Scratching helps your cat exercise and stretch her muscles. Since cats have scent glands in their paws, scratching is also a way of marking their territory. And scratching is an emotional outlet—a way of communicating and releasing tension. Plus, cats sometimes need to scratch themselves, and there’s only one good way to get an itch!

Understandably, a cat that cannot scratch becomes frustrated. Moreover, biologically speaking, cats are predators. They need claws to capture prey.

Why Do Cats Knead?

two kittens cuddling

Kneading, as you’ve probably discovered for yourself, is one of the most important uses of the kitty claw. When Twinkles gets all the snuggles, he will express his contentedness by purring, and the kneading ritual will begin.

One commonly held idea is that when kittens are young, kneading their mother helps to yield her milk to their hungry bellies. This nourishing, comforting, affection-seeking behavior becomes a habit at an early stage and is carried through into adulthood.

Cat paws are also full of scent glands. So not only is kneading essential to feeling cuddly, but it also marks the possessions that Twinkles really likes.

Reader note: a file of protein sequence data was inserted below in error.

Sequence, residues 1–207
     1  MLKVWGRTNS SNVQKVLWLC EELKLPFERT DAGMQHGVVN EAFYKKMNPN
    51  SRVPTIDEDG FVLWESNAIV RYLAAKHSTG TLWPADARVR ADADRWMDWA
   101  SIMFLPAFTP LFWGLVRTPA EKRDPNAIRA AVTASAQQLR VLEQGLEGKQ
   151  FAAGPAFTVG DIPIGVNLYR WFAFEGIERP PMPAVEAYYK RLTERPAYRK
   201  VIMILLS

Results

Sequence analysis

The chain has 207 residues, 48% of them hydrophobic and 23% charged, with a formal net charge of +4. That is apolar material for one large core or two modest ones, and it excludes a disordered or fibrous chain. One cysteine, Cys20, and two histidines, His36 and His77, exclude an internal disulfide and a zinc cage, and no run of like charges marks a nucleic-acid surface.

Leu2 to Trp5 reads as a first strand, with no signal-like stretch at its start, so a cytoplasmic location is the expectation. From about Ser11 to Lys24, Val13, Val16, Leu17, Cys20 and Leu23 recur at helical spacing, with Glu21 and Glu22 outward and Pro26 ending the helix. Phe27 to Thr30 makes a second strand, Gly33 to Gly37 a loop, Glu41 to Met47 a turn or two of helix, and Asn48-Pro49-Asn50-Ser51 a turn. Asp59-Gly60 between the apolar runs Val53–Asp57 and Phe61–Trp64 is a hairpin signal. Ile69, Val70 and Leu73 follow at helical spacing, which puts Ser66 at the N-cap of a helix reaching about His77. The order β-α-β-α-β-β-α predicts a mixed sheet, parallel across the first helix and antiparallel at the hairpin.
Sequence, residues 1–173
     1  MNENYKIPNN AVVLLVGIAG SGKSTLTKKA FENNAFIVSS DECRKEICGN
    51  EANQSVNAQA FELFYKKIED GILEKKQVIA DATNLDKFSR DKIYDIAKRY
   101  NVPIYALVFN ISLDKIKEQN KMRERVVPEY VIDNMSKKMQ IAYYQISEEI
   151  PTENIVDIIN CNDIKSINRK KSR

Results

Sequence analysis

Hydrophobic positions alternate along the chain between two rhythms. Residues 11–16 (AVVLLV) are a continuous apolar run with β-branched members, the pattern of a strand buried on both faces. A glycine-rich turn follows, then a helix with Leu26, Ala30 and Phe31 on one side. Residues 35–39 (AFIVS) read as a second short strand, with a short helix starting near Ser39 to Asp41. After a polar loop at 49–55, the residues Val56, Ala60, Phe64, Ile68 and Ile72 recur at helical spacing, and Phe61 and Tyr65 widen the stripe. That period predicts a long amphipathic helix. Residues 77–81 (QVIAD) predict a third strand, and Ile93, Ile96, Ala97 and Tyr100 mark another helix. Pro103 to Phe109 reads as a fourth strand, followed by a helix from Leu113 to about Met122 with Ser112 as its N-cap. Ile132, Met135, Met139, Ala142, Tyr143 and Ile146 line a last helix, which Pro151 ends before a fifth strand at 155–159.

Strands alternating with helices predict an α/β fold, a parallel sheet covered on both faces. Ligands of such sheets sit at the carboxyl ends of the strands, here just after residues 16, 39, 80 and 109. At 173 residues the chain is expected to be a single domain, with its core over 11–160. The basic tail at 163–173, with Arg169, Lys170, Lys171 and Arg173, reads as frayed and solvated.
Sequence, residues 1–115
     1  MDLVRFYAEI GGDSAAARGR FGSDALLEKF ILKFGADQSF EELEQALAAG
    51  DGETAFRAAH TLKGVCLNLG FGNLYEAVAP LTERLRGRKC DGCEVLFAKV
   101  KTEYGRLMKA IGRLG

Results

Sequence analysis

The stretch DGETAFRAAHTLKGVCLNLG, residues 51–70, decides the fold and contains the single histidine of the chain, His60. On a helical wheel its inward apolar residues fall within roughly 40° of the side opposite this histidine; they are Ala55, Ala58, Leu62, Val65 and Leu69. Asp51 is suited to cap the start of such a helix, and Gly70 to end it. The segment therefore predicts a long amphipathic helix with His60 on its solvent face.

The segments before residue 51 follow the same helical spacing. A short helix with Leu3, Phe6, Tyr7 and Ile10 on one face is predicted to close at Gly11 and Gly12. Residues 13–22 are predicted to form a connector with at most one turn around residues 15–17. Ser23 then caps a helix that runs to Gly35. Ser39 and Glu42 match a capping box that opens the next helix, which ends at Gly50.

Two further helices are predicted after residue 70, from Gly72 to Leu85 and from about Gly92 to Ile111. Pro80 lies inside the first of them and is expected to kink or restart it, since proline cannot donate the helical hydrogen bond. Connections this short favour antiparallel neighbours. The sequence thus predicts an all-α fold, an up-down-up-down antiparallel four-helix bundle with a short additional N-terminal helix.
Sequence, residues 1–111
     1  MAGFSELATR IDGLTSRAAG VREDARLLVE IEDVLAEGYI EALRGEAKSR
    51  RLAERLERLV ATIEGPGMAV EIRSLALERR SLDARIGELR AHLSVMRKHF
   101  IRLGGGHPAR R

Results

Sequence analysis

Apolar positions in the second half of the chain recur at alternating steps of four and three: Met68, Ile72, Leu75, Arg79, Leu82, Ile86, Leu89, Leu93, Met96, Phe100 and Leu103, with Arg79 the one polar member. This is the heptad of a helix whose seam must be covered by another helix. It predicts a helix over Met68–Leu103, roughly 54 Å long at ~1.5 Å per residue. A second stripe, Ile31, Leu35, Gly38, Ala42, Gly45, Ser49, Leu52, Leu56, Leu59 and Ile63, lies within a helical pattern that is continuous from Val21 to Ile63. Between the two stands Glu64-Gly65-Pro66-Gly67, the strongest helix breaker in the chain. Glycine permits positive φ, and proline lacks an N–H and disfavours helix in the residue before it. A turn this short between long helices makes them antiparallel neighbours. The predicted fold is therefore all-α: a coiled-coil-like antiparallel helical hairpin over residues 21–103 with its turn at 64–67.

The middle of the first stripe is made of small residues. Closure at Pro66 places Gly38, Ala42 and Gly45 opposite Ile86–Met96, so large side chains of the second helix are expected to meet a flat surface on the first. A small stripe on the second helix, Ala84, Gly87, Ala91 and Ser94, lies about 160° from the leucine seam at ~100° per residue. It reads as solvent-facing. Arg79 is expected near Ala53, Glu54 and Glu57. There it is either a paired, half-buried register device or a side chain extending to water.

Yes, cat claws are even important to their social lives. Whether it’s swatting another feline or making themselves comfortable, being sharp is just part of being a cat.

Soft Paws and Cat Claws

grey cat paw

So, all this about the mechanics of retractable cat claws is quite interesting, but is it helpful? Yes, it is!

Understanding how cat claws work is important because it relates to the way your cat behaves. And let's face it, cats have the power to make your life easy, or... well... less easy.

Whether it’s prowling, hunting, playing, climbing, kneading, or scratching—claws are necessary for everything cats do to be happy.

Abigail Gould
By Abigail Gould

Abigail’s experience with animals comes from growing up on a farm. She has been fortunate enough to look after cats, dogs, ducks, geese, chickens, and guinea pigs. Of all the pets she’s cared for, guinea pigs have been the most entertaining, dogs the most rewarding, and cats the most essential!